It's been more than 20 years since Doom and Myst changed the landscape of video games forever. One exponentially advanced the language and possibilities of the first-person shooter genre and the other pulled players into a fictional world like never before. Despite the fact that they spoke to vastly different audiences, both games were huge, phenomenal hits. Not surprisingly, two of the men instrumental to each game's success initially hated the game the other guy produced.
I think I know what my favorite moment in Titanfall is. I'm in a Titan when my display tells me an enemy pilot has crawled up my back. My Titan's near death anyway and I know there won't be time to hop off and shoot the pilot down. Besides, my Titan is prepared for this exact moment. Earlier, I equipped it with a kit that would eject me, cloaked, just before it was set to explode. I should be just fine.
Thief is the long-awaited fourth entry in the storied Thief series. Its predecessors are often credited with revolutionizing if not flat-out inventing a particular genre of immersive stealth game. Unfortunately the latest release boils down to a city full of closed doors and dead ends, boxed in and lined with nothing but rough edges.
There was a time when the size of a gaming notebook didn't matter so much. Three or four years ago a portable gaming rig that was nearly two inches thick and weighed close to ten pounds was an impressive thing. Pull one of those beasts out at a crowded coffee house and the other customers knew you weren't about to pull up a spreadsheet.
Nostalgia seeps out of every virtual pore of Double Fine's latest game, spearheaded by beloved developer Tim Schafer. The game exists only because of the generosity of thousands of people who, by and large, wanted to recapture the charms of their video game playing youth. So, it's fitting that Broken Age looks like a gorgeously designed animated movie you can play through.
You pay $60 for many of the new games you play, but how much does a blockbuster game cost to make? Many in the industry don't even know the budgets of games. It is not unusual for developer working on a big-budget game to have no idea of the game's budget. To answer the question, we've pulled a bunch of scattered data from public sources as a first attempt to get a comprehensive sense of how much money the world's biggest and most expensive games cost.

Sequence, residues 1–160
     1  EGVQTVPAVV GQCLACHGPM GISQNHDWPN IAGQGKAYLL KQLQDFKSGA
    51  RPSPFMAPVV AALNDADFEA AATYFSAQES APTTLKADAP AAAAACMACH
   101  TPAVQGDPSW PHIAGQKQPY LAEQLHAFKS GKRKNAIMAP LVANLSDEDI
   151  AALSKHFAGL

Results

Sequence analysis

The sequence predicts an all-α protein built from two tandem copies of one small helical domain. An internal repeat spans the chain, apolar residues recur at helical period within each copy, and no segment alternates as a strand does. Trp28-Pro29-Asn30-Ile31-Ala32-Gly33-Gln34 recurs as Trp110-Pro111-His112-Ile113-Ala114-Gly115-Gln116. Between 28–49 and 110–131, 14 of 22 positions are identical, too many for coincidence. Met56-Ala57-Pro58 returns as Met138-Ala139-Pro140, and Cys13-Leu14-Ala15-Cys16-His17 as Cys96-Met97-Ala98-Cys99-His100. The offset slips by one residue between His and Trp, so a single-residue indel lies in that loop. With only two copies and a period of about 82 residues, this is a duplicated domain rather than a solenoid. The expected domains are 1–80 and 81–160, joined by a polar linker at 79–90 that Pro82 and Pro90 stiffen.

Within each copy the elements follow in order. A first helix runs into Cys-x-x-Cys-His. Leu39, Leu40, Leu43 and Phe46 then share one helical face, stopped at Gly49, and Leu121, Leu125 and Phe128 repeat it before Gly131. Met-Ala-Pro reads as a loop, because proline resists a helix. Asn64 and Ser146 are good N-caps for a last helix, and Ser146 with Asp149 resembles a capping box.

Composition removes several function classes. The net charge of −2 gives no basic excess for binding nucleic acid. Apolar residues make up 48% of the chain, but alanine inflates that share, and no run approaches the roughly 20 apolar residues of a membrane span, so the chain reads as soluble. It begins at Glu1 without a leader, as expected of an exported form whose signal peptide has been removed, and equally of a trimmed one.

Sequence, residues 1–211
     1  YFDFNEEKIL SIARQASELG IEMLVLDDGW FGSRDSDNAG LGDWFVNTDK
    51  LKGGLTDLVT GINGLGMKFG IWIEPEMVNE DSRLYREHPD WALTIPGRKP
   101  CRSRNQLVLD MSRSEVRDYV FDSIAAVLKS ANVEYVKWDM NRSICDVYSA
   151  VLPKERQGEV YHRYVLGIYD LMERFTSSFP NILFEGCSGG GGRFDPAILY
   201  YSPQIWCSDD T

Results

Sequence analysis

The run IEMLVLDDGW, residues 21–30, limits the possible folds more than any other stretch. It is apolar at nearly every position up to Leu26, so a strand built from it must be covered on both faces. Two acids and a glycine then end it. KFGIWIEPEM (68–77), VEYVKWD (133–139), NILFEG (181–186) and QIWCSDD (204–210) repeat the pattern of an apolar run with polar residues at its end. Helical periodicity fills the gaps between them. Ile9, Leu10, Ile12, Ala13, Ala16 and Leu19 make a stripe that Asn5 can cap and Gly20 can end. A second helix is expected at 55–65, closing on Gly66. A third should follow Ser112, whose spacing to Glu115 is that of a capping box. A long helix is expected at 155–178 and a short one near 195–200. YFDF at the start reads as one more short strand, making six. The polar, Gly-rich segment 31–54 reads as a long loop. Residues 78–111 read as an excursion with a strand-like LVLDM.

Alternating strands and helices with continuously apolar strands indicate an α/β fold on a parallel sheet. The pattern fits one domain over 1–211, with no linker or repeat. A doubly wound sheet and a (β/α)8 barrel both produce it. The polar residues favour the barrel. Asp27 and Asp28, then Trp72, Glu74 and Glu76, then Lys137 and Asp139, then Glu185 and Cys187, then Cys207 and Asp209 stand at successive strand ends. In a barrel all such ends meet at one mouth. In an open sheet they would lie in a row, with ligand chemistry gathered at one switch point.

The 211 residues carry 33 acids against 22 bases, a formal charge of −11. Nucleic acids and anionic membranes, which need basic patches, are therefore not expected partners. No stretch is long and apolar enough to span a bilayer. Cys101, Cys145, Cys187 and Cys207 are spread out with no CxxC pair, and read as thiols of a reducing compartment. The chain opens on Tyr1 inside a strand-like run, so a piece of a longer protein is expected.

In 2014, the PC gaming giant will be launching their first official piece of hardware: The decidedly odd, innovative Steam Controller. What will happen when a company steeped in software releases their first piece of hardware? No one -- including the people making the controller -- is quite sure.
We're in the second week of a YouTube copyright enforcement crackdown whose most visible effects have been on the video gaming community. Each day turns up a new example of a video getting thrown in YouTube jail on a ridiculous technicality. The situation seems to defy common sense, but we'll try to explain it in common language, anyway.
Twenty years ago, on December 10, 1993, John Carmack, John Romero and the rest of the team at upstart id Software unleashed a game called Doom upon the world. Twenty years later, both men have written about their favorite memories of the game for you and all fans of Doom to read. Here they are, in their own words...
Dreamhack Winter, an annual LAN party held in Sweden, is easily the biggest of its kind in the world. People come from all over Europe (and sometimes further afield) to spend a few days hanging out, seeing bands and watching pro gamers. Oh, and lugging their entire PC then setting it up in a cavernous, sweaty hall.
How good is the PlayStation 4? Ask me in five years. Ask me after I figure out whether God of War is headed in the right direction, after I learn whether it has become unfathomable to play a console game without livestreaming it. These days, many game reviews aren't really done when they first run. They can explain parts of the game accurately at launch, but online communities shape these games. That's true, too, for the surprisingly online-centric PlayStation 4.